But when he couldn’t get straight answers, he called Kurtis.
He’s Tony “The Tiger” Lopez, a three-time world championship fighter.
California has a pension fund for boxers but Tony thinks he’s being shorted.
“This was my first title fight with Rocky Lockridge, fight of the year,” said Tony Lopez, three-time world championship boxer.
Tony was just 25 years old when he won his first world championship title.
Now a decorated and retired fighter at age 50, he’s qualified to collect his pension.
Back in 1982, California started the pension fund for boxers who fought at least 75 professional rounds in the state.
But Tony recently found out his pension amount, about $34,000, was only a bit more than his brother’s, Sal Lopez.
But Tony says after the pension program started, he fought three times as many fights as Sal.
“How am I only getting $2,000 more than my brother? Oh well we don’t know how they calculate it. Well, however they calculate it, it’s not right,” said Tony.
We asked the commissioner of the California Athletic Commission, which oversees this fund, why the numbers didn’t seem to add up, and he initially wasn’t sure how the pension fund was calculated either.
“It’s a very complicated formula,” said Andy Foster, Executive Officer, California Athletic Commission.
We then contacted San Diego law professor, Bob Fellmeth, who wrote the law for this pension fund.
He told us the number of rounds fought did make a difference.
So we went back to the Commission, they found a provision in the law, allowing Tony’s brother’s 21 fights before the pension program started, to count.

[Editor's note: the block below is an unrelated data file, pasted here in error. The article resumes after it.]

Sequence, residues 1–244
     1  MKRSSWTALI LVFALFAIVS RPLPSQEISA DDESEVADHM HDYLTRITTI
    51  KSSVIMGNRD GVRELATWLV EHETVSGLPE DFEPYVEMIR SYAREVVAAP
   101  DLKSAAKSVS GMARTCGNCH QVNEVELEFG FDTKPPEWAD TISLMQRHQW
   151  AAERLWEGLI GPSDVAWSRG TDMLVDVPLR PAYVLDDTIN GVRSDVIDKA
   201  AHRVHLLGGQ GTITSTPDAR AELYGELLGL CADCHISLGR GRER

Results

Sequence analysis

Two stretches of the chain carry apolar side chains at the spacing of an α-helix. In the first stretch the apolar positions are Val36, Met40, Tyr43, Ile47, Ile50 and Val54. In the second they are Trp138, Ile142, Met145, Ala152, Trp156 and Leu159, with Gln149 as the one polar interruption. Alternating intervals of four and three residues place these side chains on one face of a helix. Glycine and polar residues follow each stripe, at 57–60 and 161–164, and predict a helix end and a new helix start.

“Once you count those fights, it brought the number of bouts to a very even number,” said Foster.
Which is why their pensions are about the same.
Tony has since received his pension check in full and is glad to finally get answers.
“I’m a three time world champion because I don’t quit. I never said I was the best fighter in the world but I tell you what, I don’t quit,” said Tony.
Since 1996, this pension program has been funded soley from ticket sales.
Right now, California is the only state that has a boxers pension fund.
There is $5.3 million currently in the fund. But the Commission tells us they can’t find more than 150 boxers who are entitled to share roughly $2 million. So they want to get the word out about this pension available.
Boxers have three years to claim their benefit before the Commission is required to forfeit. The Commission should do everything it can to reach out and contact boxers and pay their benefits before they are forfeited. The Commission may want to consider utilizing the Social Security Administration and the Internal Revenue Service features that are available to locate individuals that are due a retirement benefit. For example, a boxer becomes eligible at age 50 to receive their retirement distribution and the Commission must forfeit their benefit at age 53. If the commission does not hear from the boxer by age 52, the Commission could utilize the services stated above to help locate the boxer. As a result, the Commission would reduce the likelihood that a significant number of boxers will re-claim their forfeited accounts to the detriment of current year contributions and allocations. The Commission may want to consider other funding mechanisms to further mitigate the risk of current year contributions not being sufficient to cover lost beneficiary claims in any given year.